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AI and the Evolution of the Human Skeletal Form

New York, NY  ·  July 20, 2023
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Deep learning sheds new light on musculoskeletal diseases and genomic evidence related to the evolution of the human skeletal form

Researchers have used artificial intelligence and X-ray images to study the genetic basis, evolution, and health consequences of human skeletal traits, according to a new study in Science.

The new approach developed by researchers at the New York Genome Center (NYGC) and the University of Texas at Austin (UT at Austin) combined artificial intelligence, dual-energy x-ray images, and genetic data from over 30,000 individuals in the UK Biobank to perform the largest and most comprehensive genomic study of human skeletal proportions to date.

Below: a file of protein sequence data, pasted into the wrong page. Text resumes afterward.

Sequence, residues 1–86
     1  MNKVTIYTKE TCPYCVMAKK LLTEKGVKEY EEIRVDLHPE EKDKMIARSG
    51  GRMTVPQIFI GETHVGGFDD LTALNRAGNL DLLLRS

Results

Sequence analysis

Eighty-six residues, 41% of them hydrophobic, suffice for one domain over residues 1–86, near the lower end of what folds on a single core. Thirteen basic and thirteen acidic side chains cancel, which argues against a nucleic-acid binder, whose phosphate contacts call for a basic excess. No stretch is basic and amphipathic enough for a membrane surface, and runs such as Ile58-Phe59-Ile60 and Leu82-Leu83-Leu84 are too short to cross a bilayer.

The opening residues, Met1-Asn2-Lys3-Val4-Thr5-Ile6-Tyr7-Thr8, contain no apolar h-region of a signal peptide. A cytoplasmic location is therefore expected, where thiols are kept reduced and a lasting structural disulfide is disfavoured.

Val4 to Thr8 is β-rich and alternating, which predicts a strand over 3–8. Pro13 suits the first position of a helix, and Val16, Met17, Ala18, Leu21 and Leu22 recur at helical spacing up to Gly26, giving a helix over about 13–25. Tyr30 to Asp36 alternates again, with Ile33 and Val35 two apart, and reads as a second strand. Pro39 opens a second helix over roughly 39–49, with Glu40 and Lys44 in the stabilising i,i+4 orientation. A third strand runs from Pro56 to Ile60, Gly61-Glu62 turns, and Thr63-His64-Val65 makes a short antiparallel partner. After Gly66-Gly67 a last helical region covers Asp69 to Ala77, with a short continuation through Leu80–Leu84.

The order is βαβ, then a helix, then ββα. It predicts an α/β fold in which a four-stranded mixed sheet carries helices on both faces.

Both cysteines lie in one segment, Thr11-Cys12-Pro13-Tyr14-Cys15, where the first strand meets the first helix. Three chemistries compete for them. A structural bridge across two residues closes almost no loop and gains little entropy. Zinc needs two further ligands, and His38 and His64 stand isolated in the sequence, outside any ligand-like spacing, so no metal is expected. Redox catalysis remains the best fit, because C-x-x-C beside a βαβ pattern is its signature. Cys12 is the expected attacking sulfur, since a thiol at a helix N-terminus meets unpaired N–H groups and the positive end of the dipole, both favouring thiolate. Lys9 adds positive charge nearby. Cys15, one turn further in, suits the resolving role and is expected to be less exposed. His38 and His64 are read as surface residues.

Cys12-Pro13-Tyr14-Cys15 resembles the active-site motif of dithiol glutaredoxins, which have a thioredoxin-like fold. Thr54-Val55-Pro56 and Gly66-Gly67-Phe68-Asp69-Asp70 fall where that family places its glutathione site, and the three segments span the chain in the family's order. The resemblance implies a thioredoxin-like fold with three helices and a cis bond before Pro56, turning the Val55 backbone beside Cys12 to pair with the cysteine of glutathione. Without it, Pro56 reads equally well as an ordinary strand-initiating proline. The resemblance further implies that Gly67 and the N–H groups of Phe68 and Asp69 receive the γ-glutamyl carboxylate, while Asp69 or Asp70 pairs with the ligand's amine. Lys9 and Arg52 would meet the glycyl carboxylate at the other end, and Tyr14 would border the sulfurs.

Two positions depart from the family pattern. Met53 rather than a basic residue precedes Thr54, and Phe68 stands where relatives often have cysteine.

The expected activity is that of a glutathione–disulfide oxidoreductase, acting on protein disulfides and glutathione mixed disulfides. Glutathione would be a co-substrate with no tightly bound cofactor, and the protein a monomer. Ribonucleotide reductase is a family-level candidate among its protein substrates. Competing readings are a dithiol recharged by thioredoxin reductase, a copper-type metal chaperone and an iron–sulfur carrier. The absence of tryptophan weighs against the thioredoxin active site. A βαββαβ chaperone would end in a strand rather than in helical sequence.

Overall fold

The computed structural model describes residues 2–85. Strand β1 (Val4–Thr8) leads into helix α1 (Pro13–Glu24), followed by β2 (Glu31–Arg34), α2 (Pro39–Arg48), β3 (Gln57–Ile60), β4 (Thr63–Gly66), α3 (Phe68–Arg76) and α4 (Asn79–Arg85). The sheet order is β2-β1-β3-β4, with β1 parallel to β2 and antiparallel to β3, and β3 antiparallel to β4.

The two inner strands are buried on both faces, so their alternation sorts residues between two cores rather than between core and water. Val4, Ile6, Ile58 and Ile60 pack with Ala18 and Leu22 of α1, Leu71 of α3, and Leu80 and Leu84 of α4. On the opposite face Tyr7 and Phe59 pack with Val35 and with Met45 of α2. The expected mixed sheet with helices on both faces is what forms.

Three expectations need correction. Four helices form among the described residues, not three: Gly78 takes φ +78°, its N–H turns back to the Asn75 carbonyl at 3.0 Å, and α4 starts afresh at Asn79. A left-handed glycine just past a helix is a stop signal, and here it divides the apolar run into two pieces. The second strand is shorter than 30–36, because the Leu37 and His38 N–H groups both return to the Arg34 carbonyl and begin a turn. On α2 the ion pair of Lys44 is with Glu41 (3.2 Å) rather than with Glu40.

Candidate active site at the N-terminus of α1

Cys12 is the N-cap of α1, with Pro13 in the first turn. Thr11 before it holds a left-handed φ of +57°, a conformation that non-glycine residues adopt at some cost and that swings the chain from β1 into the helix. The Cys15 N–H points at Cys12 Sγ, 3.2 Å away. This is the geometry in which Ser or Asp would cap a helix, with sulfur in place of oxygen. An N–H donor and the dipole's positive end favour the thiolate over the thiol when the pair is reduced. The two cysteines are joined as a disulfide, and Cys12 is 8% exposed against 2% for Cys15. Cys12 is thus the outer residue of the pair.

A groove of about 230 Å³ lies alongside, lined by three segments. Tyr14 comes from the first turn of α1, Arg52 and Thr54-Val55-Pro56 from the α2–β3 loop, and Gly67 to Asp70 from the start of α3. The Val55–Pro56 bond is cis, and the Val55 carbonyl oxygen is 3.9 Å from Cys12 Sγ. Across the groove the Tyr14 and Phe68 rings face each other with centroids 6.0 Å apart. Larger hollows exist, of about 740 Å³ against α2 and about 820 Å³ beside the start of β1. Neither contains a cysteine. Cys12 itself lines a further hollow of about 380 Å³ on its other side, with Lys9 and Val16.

The distinctive human form of shorter arms relative to legs, a narrow body and pelvis, and the orientation of the vertebral column set us apart from other primates.  Mechanisms and processes underlying limb development, structure, and skeletal layout have been studied extensively over hundreds of years, but evidence of the genomic change has been elusive.

“A major goal of the study is to address the lack of data on the genes responsible for the differences and specific growth of individual bones in the human skeletal form,” said Tarjinder (TJ) Singh, PhD, Associate Member at NYGC, Assistant Professor in the Columbia University Department of Psychiatry, the Mortimer B. Zuckerman Mind Brain Behavior Institute at Columbia University, the New York State Psychiatric Institute, and the study’s co-senior author.

Genotype-to-phenotype mapping of overall skeletal form

Applying deep learning methods to non-invasive medical imaging is a powerful way to extract skeletal measures in an accurate and scalable manner. These methods were used to gather comprehensive human skeletal measurements from over 40,000 full-body X-ray images from the UK Biobank, thus extracting 23 different skeletal proportions.